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Health Experts Urge Everyone To Get Tested For Coronavirus As Tri-State Area Moves Forward With Reopening

HOBOKEN, N.J. (CBSNewYork) -- As our region begins reopening, coronavirus testing remains crucial to updating the number of infections.

That's especially true following massive protests and more people looking to return to work.

On a basketball court in Hoboken, New Jersey, that hasn't been used by kids in months is a community of tents where Riverside Medical Group is still testing about 150 people every day for the coronavirus.


"In the beginning, we weren't actually testing as many people, we were just testing very sick people, high risk people," Dr. Gaurang Brahmbhatt told CBS2's Jessica Layton. "And now that the country is reopening, the city is reopening, we are testing everybody."

A coronavirus testing site is set up on a basketball court in Hoboken, New Jersey. (Credit: CBS2)

Brahmbhatt says even with fewer infections, knowing your COVID status is critically important for those going back to work and anyone who has been to a packed protest.

"I think the next two to three days, the majority of the patients we're testing are all going to be people who were attending any one of protests in the area," Brahmbhatt said.

It's estimated 10,000 people attended a demonstration in Hoboken on Friday.

Mayor Ravi Bhalla says testing is available to anyone in his city.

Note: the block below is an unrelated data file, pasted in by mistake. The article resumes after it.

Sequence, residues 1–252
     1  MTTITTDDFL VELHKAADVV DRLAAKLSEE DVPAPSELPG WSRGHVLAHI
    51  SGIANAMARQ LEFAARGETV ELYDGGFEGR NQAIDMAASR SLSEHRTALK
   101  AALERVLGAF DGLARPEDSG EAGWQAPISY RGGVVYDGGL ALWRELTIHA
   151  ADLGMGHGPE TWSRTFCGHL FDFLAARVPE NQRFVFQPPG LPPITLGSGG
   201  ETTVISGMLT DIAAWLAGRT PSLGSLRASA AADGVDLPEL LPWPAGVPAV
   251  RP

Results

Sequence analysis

"We've made so much progress in bringing the numbers down that it is critical to wear a face mask, it is critical to socially distance, it is critical to wash your hands," he said.

CORONAVIRUS: NY Health Dept. | NY Call 1-(888)-364-3065 | NYC Health Dept. | NYC Call 311, Text COVID to 692692 | NJ Health Dept. | NJ Call 1-(800)-222-1222 or 211, Text NJCOVID to 898211 | CT Health Dept. | CT Call 211

"We are not out of the woods yet," said Dr. Jake Deutsch with CURE Urgent Care.

Deutsch was very sick with the coronavirus in March.

He says people whose jobs put them at risk should consider being tested once a month and feels antibody testing right now is just as important because it sheds light on how many were really infected.

"The accuracy of identifying patients just based on clinical symptoms is only about 50%," he said. "If 30% of the population has no symptoms, how are we going to know if the virus spread is being controlled?"

That's one reason doctors say the testing site in Hoboken will be open for several more months, at least through what's expected to be a hard-hitting second wave of the virus.

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